While the confrontation which emerges is basically one between the individual and his sensibility, it is simultaneously the educational meeting of cultures which Thomas Hoving had hoped for. Many of the photos are mere snapshots, others are from UPI. Most of both these groups are understandably shallow. As a series of photographs--as they are presented in the infamous exhibition catalogue--they do not provide the kind of answers a confused public is seeking. However, with the addition of audio-visual techniques, the photos are charged with the appropriate atmosphere and emotion.

ONE CAN'T HELP but be fascinated with technology's introduction into the museum, especially because it goes beyond mere gimmickry. The thirties room is the finest example of the exhibit's eclectic approach. Most of the pictures are blown-up and attached to sprawling cubes or precarious towers. The result is threatening and chaotic. Similarly, as we enter the fifties, we are forced to trudge slowly in a narrow queue. It is all more than a game. It is participation in a way of life.

And then there are the purely human moments which--white or black--would be a delight in any show. The most absorbing is a taped television interview with Mother Brown, born November 17, 1853, a Virginia slave, and now a Harlem resident. Her remarks on slavery, for example ("Sometimes people were nice t'ya, sometimes they weren't. Just like they are nowadays."), are representative, but only of a quite ordinary human being who, like us, is doing her best to comprehend the events through which we are all living. On the other end of the scale, there is a wonderful 52 by 14 foot mural of a Sunday school class taught by Adam Clayton Powell Sr. The kids pictured are an unbelievably engaging group.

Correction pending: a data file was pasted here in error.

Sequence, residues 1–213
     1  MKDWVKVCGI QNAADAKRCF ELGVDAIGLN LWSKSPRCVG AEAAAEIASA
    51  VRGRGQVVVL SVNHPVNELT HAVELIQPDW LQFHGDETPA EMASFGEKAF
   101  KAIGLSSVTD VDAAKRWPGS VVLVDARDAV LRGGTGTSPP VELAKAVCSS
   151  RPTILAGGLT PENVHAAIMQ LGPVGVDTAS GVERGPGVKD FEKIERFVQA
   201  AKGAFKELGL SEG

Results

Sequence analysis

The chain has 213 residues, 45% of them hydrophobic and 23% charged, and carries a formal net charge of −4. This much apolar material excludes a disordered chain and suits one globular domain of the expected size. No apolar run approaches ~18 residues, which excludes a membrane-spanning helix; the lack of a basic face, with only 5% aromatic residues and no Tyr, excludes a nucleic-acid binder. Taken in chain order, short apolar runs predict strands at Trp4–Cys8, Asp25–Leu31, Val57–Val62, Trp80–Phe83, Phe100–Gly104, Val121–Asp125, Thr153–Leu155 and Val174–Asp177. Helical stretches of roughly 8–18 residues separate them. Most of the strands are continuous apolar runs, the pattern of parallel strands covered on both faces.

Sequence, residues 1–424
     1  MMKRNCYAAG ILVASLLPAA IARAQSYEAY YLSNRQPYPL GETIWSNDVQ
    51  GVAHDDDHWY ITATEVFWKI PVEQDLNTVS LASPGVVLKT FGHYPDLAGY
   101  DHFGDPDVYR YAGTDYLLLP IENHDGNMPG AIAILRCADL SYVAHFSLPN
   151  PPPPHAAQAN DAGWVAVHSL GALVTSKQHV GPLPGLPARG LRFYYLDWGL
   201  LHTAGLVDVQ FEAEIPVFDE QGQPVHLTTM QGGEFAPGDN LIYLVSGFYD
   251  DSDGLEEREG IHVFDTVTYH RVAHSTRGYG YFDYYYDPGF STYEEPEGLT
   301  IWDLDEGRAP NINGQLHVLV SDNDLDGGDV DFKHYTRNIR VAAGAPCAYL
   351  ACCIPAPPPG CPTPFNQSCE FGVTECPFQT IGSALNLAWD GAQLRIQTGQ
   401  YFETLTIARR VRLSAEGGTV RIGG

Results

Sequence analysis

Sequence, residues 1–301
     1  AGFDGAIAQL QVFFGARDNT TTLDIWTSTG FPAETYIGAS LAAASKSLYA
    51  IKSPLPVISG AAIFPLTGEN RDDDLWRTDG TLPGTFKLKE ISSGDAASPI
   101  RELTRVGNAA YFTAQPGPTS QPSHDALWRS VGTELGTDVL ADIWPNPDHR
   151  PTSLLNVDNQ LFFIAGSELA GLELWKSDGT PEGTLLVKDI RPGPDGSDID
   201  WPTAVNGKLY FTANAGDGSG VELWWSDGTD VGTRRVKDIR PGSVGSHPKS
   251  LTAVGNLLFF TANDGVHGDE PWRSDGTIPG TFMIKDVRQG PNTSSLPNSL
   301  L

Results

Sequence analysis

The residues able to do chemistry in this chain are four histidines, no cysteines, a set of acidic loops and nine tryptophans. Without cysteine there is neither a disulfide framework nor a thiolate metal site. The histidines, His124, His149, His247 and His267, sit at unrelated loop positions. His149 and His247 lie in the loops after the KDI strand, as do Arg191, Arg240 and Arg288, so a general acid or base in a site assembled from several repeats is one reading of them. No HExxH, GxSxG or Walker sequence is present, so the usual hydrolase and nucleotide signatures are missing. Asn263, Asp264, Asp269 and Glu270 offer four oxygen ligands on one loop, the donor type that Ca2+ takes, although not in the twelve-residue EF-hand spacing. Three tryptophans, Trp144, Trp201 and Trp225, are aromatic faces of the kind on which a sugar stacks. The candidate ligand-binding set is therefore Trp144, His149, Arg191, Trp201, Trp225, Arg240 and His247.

Given the enormous variety of experience which Harlem on My Mind offers, it is regrettable that it has met with so much misplaced criticism. In editorializing that Hoving is responsible for "Irrelevancy at the Museum," the New York Times is choosing comfort and convenience over difficult self-assessment. Their warning of January 22nd--that "the politicalization of art and all other forms of culture is a favorite device of dictatorship"--is ridiculously severe. Better they should deplore the pressures which led several New York City councilmen to threaten the end of the city's three-million-dollar allocation to the museum if the show's catalogue weren't withdrawn--as it now has been.

IT COULD BE argued that the controversial introduction by Candice Van Ellison--which should be read in its entirety--is valuable for its basic, even if deplorably tragic, honesty. But I think it is far more important to see the catalogue, as well as the whole show, as the museum's first and most important groping toward a new forum for the discussion of contemporary social problems. It would be self-defeating to expect every isolated statement or display in the exhibition to offer a definitive statement on a very difficult set of relationships.

The vitality in Harlem in My Mind--both in form and content--is what at first appears so outrageous. As you walk up Fifth Avenue, it's quite shocking to see a huge sheet with "HARLEM" emblazoned on it draped over the entrance to the once staid Metropolitan--in fact, it looks as if the building has been seized. And, in a way, it has.